by Max Brantley
Thanks to a tipster for a newly released Legislative Audit report on the Highway and Transportation Department.
In brief: The auditors will refer to the Pulaski prosecuting attorney their finding that employees in the department's legal division, headed by Robert Wilson, have been improperly getting a half-day off, with pay, every three weeks, and an additional two hours paid time off (it's not clear if this is every three weeks or more or less frequently) for doctors appointments and "personal errands." These practices date back to 1989. The auditors did a three-year study in which they found time off justified as comp time for overtime, but no documentation exists to substantiate the overtime.
There's no telling how much paid labor taxpayers where cheated out of by these practices, which run counter to rules on a 40-hour work week. The auditors said they couldn't come up with an estimate of the loss on the two-hour personal time practice or the unsubstantiated comp time found over a three-year period. On the improper half-day-with-pay rule, the report said:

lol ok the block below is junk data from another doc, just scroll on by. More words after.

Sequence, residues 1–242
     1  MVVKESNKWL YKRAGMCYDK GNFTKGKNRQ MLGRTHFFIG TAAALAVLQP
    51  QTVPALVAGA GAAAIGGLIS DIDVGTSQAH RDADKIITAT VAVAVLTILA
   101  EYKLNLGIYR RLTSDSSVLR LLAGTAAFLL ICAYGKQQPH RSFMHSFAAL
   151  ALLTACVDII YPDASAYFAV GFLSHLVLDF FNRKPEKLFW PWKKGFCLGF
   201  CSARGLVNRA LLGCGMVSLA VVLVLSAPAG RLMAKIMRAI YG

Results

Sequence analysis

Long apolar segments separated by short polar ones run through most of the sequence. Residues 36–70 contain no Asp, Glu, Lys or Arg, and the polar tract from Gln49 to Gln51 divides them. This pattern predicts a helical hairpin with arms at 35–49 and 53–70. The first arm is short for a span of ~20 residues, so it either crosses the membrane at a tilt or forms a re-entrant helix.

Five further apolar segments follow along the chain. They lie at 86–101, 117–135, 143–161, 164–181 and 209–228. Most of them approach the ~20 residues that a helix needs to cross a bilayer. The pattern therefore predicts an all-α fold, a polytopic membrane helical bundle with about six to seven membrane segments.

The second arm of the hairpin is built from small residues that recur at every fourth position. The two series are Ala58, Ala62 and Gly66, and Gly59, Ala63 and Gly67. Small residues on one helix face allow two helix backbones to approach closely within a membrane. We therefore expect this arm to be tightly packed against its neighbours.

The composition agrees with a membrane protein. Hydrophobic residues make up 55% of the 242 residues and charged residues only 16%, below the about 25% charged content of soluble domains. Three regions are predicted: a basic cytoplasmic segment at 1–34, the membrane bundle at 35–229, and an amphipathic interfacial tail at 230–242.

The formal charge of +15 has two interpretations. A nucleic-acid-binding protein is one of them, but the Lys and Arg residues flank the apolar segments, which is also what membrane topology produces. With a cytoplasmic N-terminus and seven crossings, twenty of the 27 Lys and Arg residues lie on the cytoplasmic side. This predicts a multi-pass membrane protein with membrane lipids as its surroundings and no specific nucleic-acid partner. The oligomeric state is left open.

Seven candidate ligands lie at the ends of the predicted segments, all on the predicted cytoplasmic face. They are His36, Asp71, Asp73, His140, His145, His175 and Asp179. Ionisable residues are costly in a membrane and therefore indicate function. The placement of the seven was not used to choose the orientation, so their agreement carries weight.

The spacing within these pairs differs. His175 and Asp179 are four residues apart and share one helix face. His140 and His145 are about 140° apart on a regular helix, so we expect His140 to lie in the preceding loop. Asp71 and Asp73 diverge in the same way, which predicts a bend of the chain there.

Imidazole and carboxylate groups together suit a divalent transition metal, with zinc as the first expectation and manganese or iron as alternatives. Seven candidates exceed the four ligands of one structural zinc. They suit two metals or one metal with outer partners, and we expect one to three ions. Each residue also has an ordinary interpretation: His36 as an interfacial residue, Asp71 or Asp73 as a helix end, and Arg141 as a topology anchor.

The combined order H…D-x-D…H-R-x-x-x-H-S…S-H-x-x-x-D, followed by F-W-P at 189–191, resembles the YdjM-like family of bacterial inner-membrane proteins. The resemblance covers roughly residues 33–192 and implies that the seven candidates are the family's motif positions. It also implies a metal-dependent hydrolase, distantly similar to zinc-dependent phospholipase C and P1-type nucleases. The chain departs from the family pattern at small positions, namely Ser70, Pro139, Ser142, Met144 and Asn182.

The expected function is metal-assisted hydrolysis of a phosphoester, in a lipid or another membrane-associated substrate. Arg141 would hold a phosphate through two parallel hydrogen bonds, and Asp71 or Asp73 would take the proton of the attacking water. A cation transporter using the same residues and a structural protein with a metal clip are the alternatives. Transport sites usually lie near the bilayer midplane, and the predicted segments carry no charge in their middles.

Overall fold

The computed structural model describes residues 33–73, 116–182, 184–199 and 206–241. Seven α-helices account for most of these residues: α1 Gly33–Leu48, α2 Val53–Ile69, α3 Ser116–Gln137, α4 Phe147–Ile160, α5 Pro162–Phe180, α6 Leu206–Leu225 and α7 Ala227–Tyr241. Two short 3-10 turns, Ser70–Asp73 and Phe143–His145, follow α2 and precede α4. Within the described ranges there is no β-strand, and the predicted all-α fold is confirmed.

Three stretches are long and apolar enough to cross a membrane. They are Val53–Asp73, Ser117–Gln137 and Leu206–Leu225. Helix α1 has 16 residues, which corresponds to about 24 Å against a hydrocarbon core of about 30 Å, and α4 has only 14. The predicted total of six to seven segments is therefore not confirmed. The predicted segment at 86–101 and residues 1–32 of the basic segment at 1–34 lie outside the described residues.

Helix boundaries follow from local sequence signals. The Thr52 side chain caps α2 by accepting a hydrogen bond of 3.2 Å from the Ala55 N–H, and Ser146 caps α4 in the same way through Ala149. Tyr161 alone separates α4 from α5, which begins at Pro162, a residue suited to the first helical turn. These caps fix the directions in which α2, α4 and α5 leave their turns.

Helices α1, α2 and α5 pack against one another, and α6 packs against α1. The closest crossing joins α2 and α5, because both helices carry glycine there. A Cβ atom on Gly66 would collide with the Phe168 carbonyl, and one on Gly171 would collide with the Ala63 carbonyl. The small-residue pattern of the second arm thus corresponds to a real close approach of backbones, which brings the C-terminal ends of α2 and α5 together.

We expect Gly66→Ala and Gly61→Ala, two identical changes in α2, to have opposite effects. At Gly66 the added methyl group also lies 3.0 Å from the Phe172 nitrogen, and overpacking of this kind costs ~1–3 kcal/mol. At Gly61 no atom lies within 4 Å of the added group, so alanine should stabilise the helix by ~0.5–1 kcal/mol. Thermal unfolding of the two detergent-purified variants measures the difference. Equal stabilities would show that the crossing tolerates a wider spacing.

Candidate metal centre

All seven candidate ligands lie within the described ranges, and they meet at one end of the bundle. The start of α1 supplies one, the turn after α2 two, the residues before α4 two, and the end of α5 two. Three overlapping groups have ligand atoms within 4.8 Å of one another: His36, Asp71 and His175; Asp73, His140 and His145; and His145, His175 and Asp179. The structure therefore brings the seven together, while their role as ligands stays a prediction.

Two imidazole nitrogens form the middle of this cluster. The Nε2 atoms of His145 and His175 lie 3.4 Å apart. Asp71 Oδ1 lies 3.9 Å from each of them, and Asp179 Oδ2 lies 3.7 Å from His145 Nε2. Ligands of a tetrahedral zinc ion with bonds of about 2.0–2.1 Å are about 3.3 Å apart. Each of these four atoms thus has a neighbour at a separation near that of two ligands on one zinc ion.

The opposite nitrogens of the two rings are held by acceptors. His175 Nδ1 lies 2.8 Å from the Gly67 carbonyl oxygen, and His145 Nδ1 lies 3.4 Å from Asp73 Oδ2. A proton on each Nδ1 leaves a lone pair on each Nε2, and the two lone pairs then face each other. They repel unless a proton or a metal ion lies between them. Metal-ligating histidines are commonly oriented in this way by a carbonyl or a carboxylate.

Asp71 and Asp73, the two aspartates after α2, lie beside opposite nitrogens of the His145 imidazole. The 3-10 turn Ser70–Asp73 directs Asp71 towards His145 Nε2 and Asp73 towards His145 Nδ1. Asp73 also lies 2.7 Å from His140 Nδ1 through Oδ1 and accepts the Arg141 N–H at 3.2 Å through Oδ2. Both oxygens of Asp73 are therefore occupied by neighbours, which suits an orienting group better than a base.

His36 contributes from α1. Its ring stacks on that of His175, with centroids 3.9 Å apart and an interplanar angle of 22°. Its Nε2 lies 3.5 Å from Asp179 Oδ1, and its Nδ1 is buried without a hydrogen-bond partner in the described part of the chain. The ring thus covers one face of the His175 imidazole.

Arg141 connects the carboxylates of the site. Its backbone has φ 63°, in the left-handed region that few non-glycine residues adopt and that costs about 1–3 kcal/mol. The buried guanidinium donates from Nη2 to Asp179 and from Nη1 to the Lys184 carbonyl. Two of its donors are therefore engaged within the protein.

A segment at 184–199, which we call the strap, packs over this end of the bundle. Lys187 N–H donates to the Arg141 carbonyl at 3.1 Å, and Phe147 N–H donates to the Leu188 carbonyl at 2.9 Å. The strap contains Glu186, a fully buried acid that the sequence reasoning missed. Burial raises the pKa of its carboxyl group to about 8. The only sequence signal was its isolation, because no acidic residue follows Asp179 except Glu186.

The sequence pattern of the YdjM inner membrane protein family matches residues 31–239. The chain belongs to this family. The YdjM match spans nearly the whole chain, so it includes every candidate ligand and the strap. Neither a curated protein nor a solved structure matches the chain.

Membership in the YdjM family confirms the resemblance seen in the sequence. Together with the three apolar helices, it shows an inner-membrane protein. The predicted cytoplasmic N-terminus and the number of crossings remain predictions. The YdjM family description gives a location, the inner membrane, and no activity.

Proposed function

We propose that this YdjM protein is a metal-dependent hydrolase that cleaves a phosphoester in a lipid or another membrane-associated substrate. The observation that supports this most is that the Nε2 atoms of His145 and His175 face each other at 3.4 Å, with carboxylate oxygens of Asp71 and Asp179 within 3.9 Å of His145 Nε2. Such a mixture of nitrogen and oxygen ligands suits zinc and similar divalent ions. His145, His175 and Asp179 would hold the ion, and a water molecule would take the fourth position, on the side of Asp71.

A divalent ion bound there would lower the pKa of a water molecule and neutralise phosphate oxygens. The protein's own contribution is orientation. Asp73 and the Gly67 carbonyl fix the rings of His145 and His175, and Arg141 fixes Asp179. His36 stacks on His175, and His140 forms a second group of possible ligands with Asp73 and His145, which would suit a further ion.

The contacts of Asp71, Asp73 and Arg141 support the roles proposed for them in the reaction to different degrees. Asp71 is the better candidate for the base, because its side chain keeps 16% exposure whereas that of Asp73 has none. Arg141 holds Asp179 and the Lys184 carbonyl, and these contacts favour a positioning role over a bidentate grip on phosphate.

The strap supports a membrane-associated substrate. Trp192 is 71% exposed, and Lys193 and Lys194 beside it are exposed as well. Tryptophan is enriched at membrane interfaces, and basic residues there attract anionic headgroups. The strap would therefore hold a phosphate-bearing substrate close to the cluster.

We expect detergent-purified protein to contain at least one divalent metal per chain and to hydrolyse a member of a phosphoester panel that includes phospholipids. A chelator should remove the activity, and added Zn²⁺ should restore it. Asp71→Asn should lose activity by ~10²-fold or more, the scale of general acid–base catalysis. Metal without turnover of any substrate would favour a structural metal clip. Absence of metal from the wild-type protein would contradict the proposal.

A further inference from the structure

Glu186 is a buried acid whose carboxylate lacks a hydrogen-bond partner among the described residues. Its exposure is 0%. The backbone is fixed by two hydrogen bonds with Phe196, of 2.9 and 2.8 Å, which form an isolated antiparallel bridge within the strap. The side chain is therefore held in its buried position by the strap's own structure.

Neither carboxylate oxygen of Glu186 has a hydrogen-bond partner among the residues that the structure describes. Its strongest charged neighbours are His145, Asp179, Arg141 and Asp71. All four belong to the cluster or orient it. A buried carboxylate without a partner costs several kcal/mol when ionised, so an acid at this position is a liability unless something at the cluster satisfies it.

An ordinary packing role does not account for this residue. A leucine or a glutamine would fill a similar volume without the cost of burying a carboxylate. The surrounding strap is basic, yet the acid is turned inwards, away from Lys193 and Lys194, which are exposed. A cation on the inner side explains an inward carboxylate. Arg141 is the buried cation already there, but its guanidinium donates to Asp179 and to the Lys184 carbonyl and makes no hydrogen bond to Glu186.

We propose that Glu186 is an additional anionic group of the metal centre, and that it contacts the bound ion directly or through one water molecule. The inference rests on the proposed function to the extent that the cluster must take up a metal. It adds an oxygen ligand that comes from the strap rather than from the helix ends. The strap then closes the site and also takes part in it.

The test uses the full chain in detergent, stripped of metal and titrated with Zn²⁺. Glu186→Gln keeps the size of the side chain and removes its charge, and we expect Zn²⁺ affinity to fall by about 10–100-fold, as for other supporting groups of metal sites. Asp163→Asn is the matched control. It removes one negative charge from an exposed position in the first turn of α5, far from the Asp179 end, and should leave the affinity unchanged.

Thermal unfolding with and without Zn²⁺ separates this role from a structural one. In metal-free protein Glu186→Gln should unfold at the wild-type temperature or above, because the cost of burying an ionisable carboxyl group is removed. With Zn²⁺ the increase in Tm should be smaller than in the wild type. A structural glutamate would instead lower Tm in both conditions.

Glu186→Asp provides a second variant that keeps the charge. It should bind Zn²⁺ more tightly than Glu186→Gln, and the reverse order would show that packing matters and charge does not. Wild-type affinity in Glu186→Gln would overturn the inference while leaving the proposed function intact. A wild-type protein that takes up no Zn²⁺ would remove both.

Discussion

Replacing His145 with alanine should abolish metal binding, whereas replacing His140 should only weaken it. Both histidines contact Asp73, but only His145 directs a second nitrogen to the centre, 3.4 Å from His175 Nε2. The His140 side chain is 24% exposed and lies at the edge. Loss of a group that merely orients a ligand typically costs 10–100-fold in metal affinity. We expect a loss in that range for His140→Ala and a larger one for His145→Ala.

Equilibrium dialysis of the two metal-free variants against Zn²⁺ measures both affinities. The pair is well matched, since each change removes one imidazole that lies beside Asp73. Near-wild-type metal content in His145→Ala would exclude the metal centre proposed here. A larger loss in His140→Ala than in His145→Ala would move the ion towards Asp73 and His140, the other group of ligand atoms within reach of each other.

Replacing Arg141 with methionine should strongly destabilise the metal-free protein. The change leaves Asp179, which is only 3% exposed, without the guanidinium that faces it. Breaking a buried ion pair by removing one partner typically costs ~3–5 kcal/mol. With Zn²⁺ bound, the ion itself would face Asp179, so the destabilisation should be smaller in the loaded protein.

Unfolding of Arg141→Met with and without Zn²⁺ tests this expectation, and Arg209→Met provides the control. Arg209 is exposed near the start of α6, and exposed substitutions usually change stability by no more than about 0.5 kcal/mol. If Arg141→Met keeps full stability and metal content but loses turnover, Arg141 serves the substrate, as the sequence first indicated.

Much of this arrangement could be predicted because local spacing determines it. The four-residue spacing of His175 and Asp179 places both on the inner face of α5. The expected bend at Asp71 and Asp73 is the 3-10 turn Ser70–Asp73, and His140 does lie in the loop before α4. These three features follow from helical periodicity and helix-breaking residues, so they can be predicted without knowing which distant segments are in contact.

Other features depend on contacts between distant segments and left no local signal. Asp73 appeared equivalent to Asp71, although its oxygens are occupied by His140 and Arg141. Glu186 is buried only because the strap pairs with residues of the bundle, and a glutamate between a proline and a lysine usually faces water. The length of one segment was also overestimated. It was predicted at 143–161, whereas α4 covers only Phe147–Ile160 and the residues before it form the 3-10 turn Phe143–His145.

The Chief Legal Counsel of the Agency, Robert L. Wilson, allowed staff of the Agency’s Legal Division to have inappropriate paid absences from work. Employees were improperly allowed to take 4 hours (one-half day) of paid time off every three weeks on a rotating basis. Schedules assigning the one-half day for the period July 1, 2007 through December 31, 2009, and analysis of corresponding leave records and other support, indicated that employees of the Division may have been paid for 2,520 hours for which they did not perform job duties. Based on the employees’ average hourly rates for the period, the estimated cost of this time totals $73,891.
Did the boss know about this? Good question. Wilson reported directly according to the agency organizational chart to the Highway Commission and long-time department director Dan Flowers, who recently retired with a $195,000 annual pension. I'm trying to get a response. Tea Party anyone?
UPDATE: The department's response was limited because the matter remains under investigation. But a spokesman said the issue was self-reported and the practice didn't appear to be department-wide.